Friday, December 22, 2006

How the Brain Tunes Out Background Noise

Last year, Live Science published a nice little summary article (How the Brain Tunes Out Background Noise)) about our mental process and how our perceptual process will tend to phase out the aspects of our surroundings which are routine or predictable:

The "novelty detector neurons," as researchers call them, quickly stop firing if a sound or sound pattern is repeated. They will briefly resume firing if some aspect of the sound changes. The neurons can detect changes in pitch, loudness or duration of a single sound and can also note shifts in the pattern of a complex series of sounds.

"It is probably a good thing to have this ability because it allows us to tune out background noises like the humming of a car's motor while we are driving or the regular tick-tock of a clock," said study team member Ellen Covey, a psychology professor at the University of Washington. "But at the same time, these neurons would instantly draw a person's attention if their car's motor suddenly made a strange noise or if their cell phone rang."

I'm interested in how this applies to driving-- there's a lot we need to attend to, as drivers, and a lot we don't even notice on a conscious level. How much of what we do when driving is necessary and how much of it is background? Do some people tend to have more trouble with the distractions than others? Do some of us have the ability to better distinguish background noise from necessary information?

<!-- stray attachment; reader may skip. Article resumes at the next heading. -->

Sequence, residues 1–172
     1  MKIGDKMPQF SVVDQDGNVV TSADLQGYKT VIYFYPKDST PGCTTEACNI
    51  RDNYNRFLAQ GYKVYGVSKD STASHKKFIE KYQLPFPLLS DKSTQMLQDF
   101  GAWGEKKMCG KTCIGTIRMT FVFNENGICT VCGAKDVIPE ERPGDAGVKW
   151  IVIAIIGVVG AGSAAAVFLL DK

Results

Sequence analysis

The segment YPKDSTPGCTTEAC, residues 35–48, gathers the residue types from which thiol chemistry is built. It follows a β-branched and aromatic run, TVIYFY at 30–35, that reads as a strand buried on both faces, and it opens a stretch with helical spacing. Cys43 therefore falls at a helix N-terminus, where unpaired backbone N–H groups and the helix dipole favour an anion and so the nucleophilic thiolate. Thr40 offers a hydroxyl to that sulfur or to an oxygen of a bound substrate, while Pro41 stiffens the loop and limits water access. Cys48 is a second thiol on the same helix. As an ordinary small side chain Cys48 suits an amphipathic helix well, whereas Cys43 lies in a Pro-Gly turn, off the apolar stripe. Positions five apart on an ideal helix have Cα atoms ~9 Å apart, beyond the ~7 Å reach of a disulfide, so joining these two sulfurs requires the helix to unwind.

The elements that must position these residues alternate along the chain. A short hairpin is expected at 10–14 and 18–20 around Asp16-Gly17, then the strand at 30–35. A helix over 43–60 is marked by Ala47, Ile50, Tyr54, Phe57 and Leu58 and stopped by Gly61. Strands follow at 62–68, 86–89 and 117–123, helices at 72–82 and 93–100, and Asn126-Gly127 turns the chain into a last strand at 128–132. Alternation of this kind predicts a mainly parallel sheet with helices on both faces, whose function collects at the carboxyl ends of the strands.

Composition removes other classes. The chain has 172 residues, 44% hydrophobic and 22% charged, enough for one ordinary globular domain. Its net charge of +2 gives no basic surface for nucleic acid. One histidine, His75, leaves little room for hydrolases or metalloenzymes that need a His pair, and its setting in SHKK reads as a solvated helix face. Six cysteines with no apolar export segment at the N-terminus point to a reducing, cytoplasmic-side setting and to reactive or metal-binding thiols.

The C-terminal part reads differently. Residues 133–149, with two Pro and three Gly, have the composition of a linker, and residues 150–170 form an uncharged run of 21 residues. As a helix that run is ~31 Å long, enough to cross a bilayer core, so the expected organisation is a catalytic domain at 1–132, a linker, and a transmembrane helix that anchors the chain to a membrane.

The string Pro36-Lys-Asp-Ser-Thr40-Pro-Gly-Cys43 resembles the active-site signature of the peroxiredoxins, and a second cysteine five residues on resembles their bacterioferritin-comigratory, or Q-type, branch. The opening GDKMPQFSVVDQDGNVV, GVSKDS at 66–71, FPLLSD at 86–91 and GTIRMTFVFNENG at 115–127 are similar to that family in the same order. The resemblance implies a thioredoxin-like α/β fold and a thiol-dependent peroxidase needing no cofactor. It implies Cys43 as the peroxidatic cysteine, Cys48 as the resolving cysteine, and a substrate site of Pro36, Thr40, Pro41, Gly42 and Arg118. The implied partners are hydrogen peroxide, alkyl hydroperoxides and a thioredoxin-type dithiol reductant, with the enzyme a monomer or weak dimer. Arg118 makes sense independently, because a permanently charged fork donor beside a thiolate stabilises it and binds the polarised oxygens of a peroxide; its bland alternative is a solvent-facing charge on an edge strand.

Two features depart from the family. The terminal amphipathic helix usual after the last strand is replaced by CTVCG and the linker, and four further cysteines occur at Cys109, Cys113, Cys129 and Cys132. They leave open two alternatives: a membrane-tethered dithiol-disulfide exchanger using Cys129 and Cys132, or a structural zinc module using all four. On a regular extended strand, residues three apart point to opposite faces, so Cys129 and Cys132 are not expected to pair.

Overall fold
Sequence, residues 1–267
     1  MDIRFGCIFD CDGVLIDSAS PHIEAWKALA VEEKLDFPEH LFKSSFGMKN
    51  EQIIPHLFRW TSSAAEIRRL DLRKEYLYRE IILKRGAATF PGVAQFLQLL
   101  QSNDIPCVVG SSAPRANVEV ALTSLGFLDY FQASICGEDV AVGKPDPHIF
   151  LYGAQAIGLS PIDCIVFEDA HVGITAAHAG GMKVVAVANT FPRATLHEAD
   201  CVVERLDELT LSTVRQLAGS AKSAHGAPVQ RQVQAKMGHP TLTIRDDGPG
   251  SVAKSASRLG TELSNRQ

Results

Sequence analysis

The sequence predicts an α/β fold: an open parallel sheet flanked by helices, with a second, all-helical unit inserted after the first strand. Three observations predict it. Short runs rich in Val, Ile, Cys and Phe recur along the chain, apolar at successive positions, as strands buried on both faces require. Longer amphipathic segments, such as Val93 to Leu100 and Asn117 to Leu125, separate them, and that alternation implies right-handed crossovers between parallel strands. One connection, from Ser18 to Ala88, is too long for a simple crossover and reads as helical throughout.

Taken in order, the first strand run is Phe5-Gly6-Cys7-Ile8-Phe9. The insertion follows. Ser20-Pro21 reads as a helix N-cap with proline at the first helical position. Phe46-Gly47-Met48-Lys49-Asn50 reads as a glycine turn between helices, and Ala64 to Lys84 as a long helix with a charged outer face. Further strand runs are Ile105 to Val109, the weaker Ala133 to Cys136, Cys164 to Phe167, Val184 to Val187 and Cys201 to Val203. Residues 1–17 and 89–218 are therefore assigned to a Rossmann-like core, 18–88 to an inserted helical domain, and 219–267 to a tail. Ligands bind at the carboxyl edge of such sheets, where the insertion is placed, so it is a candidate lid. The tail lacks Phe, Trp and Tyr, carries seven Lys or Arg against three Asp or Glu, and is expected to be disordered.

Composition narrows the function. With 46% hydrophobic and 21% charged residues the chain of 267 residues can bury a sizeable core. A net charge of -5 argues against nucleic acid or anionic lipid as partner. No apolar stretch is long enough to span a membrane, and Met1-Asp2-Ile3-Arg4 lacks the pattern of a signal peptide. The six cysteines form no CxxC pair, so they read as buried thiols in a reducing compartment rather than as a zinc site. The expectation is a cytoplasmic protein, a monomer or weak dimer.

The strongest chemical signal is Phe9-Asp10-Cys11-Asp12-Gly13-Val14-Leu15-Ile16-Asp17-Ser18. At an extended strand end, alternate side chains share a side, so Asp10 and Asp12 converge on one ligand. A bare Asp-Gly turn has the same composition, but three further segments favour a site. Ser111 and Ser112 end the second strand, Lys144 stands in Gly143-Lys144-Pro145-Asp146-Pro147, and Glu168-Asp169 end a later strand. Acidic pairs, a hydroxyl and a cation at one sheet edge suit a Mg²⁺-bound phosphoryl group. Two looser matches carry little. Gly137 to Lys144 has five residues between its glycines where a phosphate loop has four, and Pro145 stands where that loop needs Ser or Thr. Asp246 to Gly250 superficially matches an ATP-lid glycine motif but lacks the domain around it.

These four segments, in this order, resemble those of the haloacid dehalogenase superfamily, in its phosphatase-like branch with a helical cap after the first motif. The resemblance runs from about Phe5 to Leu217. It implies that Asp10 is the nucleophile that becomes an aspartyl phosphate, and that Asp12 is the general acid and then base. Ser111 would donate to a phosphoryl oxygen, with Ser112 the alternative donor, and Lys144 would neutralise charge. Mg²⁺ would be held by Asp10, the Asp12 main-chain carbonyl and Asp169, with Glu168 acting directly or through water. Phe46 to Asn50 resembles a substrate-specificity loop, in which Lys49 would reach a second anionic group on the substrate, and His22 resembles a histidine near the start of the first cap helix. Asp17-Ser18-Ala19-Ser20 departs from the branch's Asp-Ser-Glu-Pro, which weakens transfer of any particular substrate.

As I am known to do from time to time, I will use birding as an example. When I'm looking for birds, I pay a lot of attention to the sounds and calls of birds, but I suspect that, after a short while, I do not pay any attention at all to familiar birds. Once I know that there are American Robins around, do my ears pay attention to them any longer, or do I just mentally dismiss them?

Or, on the other hand, we can think about music: when I am listening to a fairly common and unoriginal melody, I may not notice it at all on the surface, but I may notice unusual harmonies or arrangements of that same melody. Or, alternatively, unless I specifically attend to it, I may not even notice the chord progression of a tune, once it's gone through once or twice. Unless the music does something interesting, it may fade entirely into the background-- how often have you not even realized what song was playing on an intercom until someone pointed it out to you?

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